It can take up to 30 minutes for the UV filters in chemical sunscreens to soak in properly. If you wait until you’re outside to apply it you could burn and have decreased protection those first 15-30 minutes. For the same reason, if you’re at the beach don’t jump into the water right away. It will wash off even if it says “water-resistant” which keep in mind is not the same as “waterproof”.

With physical sunscreens you don’t need to wait. These stay on the surface of your skin because the molecules are too large to sink into your pores. That’s why they leave a heavier white finish behind and often work better.

How Much To Use

People always say to apply a “generous” or “liberal” amount. But how much is that considered?

For your body, one palmful should be enough for most adults. Really you just want enough to be able to spread a thin and even layer over any parts of your skin that will be exposed to sunlight. This comes out to about 1 or 2 oz.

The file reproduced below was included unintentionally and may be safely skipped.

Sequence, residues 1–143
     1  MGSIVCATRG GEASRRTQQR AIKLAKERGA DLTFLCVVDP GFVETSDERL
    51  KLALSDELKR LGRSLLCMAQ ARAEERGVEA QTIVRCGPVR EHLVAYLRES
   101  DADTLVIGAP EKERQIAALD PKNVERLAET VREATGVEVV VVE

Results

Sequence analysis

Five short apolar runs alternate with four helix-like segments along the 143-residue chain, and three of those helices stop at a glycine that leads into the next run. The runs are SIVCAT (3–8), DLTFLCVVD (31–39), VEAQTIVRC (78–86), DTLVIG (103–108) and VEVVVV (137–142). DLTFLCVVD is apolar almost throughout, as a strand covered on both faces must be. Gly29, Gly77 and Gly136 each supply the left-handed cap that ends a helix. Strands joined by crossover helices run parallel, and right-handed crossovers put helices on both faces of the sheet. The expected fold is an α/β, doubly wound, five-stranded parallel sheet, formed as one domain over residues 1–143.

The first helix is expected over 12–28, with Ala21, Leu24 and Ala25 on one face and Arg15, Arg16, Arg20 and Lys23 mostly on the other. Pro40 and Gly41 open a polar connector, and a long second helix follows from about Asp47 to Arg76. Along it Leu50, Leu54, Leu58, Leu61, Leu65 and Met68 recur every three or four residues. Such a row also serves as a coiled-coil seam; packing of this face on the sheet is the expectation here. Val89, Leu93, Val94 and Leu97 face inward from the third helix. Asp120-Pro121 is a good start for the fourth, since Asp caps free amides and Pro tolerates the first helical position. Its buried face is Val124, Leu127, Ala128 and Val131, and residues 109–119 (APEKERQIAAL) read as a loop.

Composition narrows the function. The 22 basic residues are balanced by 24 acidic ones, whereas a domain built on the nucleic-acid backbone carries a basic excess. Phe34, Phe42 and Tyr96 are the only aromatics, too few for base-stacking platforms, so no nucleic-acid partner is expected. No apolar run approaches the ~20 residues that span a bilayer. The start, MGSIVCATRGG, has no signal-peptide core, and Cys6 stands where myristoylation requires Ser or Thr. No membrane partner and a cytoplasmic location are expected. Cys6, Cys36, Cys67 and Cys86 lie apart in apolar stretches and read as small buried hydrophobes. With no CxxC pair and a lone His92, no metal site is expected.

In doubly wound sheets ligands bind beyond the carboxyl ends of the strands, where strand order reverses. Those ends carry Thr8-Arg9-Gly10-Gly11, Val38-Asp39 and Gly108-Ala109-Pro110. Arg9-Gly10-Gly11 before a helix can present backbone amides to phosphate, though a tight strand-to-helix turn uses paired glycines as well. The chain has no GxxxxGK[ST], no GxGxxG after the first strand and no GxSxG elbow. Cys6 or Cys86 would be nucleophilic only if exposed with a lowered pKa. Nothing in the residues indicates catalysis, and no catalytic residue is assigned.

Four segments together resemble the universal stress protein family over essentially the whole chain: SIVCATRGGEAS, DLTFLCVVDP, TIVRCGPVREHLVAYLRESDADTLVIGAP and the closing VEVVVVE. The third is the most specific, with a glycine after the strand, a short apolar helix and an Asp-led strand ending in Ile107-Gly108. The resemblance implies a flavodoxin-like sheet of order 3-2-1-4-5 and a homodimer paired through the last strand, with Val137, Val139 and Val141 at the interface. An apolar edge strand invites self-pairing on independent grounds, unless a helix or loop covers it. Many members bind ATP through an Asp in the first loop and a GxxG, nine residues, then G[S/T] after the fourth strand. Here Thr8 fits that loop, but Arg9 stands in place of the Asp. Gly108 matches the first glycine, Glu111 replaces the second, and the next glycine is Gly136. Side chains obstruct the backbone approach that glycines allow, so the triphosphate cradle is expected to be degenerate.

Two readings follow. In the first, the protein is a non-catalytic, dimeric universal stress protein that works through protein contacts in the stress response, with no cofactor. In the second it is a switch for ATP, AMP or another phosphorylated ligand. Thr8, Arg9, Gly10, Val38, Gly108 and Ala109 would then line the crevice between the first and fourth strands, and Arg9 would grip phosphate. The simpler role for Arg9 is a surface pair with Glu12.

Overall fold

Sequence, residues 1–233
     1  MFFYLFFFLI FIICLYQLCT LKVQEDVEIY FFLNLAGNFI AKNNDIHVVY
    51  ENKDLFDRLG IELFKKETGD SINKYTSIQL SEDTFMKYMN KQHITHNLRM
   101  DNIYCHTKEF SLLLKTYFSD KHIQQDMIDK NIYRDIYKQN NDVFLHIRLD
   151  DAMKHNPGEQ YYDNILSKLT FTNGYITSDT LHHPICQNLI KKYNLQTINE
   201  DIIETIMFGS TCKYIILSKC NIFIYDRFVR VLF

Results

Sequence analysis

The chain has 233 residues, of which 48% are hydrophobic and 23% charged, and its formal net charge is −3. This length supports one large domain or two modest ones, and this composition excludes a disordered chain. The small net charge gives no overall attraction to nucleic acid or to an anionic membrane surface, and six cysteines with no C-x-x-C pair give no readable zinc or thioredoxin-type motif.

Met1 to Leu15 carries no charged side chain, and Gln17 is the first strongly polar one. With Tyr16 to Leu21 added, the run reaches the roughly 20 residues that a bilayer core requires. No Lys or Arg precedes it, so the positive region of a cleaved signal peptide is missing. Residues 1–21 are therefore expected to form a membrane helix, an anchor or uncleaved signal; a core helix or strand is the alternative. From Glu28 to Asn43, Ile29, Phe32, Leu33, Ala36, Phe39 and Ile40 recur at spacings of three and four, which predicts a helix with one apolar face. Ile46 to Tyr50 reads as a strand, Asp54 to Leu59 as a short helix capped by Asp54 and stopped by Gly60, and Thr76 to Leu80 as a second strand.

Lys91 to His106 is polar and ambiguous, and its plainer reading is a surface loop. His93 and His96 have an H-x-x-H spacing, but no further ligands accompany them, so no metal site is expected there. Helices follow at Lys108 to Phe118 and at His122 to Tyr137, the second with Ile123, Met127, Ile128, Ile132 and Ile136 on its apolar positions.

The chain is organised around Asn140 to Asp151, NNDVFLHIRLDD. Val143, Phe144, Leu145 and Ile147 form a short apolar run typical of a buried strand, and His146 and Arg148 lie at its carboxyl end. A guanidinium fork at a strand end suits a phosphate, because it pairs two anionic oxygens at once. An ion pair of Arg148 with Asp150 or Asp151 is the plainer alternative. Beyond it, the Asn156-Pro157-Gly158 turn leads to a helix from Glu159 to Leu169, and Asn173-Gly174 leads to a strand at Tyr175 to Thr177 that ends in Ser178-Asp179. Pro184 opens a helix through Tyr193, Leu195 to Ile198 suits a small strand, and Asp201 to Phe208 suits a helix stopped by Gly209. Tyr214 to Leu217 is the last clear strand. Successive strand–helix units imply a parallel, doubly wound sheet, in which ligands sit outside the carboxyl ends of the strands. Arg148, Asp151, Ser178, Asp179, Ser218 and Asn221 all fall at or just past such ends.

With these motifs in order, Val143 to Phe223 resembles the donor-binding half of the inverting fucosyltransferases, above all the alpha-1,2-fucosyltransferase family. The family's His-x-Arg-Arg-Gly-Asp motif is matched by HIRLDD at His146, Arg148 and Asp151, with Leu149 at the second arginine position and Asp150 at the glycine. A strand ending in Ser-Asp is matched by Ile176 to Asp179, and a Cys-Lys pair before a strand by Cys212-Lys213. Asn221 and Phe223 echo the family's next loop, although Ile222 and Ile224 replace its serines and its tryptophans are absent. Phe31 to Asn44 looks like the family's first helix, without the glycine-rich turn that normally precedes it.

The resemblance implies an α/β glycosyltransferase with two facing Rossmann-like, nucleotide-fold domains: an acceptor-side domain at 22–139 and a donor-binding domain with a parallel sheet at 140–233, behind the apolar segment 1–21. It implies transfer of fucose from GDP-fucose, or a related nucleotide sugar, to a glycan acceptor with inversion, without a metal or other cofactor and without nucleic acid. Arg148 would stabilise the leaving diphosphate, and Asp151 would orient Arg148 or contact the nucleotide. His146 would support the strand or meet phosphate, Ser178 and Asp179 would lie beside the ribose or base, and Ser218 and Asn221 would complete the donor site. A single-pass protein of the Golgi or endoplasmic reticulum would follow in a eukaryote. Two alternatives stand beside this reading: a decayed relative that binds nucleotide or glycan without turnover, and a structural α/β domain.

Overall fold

For your face, a teaspoon or about the size of a nickel in your palm. In general, the thicker your sun cream the less of it you need but don’t be afraid of applying too much. Most people apply too little and it’s not going to hurt if you have a little extra on.

Massage it thoroughly until the white disappears into your skin. You can also try patting it on instead of rubbing to reduce the chances of irritation. Patting also makes it harder for it to rub off if you’re wearing a physical sunscreen as they often tend to do.

If you’re using a spray apply an even coating moving your hand back and forth over the area but avoid using sprays on your face. Instead use a facial sunscreen or lotion with SPF and apply it directly onto the skin instead of rubbing it between your palms first to help it absorb quicker.

Easy To Forget Areas

These places get sunburned because people often forget to cover them.

  • The neck including the nape (often shows the first signs of aging!)